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Dzongsar Khyentse Rinpoche - The Wealth of Being Natural

Dzongsar Khyentse Rinpoche - The Wealth of Being Natural

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Published by: Memento__Mori on May 14, 2012
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In March 1999 Dzongsar Khyentse Rinpoche gave a weekend teaching at Vajradhara Gonpa about calm abiding or shamatha meditation. Here we present an extract from that teaching.
For those who are completely new, there are going to be a lot of technical terms like yoga,shamatha, etc. Don't worry so much, it's just my habit. I have this habit, we Buddhists havea habit of uttering some of these words. It doesn't mean a lot. But once you experience [it],then maybe some of this can give [you] a lot of meaning. For instance, the word 'yoga'. Ithink for a lot of Byron Bay and Nimbin people [towns in northern New South Wales withalternative populations], 'yoga' just means stretching. Me, I am trained to think in adifferent way. When we say [the word] 'yoga' - in Tibetan 'yoga' is translated as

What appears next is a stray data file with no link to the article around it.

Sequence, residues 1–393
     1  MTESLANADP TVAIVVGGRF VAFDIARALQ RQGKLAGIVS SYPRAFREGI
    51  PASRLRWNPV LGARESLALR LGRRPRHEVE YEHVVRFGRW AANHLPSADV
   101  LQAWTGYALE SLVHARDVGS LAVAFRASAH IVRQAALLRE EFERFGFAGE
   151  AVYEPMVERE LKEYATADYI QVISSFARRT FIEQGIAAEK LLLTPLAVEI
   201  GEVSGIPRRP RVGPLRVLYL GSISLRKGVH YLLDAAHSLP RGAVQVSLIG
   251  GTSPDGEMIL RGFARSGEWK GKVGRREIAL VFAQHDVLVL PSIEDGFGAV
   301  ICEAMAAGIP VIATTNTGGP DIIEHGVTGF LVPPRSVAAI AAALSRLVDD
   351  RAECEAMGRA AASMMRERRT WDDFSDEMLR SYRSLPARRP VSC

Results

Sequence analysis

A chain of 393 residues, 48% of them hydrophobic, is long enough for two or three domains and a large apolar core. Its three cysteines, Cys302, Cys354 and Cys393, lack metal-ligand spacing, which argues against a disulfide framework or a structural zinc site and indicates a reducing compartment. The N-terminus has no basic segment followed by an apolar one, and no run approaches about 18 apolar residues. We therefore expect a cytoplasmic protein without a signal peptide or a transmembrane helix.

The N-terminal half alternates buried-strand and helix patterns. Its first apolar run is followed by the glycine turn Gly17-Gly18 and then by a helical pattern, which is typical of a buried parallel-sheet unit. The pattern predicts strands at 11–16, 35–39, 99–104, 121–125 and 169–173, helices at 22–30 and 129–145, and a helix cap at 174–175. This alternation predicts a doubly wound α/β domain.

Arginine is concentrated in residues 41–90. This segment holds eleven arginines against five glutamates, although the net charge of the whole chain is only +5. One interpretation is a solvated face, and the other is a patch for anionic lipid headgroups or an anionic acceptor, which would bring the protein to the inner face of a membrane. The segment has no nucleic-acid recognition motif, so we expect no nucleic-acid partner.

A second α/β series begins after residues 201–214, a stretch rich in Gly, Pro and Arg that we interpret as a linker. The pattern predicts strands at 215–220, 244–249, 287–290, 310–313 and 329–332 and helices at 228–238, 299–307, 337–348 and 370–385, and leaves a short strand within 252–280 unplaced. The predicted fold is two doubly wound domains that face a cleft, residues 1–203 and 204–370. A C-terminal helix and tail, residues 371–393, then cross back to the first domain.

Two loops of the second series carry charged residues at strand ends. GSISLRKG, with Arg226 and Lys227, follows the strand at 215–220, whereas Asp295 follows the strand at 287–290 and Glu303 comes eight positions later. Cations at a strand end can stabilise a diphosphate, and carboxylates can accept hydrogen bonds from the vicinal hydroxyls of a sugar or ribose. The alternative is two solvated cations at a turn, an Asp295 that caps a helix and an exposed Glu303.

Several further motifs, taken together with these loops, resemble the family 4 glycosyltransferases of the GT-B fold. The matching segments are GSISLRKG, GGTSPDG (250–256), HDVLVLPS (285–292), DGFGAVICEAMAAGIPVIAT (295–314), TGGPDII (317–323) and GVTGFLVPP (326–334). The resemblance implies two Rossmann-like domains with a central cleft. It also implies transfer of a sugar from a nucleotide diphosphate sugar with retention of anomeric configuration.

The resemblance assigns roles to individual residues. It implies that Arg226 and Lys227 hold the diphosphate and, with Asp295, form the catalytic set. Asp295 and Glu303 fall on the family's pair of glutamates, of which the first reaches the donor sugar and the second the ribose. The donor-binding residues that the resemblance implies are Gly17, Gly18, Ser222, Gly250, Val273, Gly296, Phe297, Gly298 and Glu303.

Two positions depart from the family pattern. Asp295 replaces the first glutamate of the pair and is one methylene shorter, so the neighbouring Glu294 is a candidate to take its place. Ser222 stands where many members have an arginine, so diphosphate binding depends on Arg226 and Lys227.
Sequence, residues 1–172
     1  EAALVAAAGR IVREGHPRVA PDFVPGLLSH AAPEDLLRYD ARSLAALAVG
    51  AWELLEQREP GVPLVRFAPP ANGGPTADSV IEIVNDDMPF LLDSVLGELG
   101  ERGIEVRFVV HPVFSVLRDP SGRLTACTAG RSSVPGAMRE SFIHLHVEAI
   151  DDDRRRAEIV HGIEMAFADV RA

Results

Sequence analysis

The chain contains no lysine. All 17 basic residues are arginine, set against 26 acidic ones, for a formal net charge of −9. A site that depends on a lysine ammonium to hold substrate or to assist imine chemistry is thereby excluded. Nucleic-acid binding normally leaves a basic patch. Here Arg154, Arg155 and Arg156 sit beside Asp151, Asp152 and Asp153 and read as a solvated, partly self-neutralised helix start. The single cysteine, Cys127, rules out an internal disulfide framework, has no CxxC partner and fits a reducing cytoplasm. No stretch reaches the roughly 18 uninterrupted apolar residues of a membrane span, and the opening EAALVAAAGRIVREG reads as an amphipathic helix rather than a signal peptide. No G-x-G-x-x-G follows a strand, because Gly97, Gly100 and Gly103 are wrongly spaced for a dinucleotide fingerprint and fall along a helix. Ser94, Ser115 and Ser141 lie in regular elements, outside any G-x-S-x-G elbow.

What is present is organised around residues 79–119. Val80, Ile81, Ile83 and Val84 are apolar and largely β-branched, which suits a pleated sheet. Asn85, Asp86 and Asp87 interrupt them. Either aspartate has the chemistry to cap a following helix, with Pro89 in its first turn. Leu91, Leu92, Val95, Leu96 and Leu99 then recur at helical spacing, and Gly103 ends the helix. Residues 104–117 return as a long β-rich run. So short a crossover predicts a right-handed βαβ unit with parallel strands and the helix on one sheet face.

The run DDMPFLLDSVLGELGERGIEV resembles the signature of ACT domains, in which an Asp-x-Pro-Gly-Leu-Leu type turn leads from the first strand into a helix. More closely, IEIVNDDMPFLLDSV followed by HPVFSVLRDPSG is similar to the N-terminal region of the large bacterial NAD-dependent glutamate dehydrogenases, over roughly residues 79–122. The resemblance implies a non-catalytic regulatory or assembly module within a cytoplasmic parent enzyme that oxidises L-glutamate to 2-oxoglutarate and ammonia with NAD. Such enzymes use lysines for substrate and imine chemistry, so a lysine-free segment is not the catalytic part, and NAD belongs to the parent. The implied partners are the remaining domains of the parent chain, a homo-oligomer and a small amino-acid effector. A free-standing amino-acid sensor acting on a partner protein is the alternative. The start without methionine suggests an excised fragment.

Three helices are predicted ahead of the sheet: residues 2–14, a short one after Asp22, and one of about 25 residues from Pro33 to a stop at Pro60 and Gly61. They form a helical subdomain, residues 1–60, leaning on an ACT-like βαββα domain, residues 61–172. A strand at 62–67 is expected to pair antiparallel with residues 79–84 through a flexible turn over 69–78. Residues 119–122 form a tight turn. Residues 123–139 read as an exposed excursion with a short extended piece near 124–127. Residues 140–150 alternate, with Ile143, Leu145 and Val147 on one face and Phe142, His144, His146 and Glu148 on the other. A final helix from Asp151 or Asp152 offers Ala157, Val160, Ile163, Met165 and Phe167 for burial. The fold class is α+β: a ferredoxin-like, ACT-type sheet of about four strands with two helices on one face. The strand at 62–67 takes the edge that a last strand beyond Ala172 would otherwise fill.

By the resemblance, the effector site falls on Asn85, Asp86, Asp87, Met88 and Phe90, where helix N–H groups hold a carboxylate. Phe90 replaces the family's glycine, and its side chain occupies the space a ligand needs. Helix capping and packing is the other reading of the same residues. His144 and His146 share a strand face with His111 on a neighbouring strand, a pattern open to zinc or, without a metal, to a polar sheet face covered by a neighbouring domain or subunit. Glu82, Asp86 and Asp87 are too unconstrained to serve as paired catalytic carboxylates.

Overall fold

nal jor 
rnal 'byor 
) - it has a very rich meaning.
) actually means 'being natural' and jor (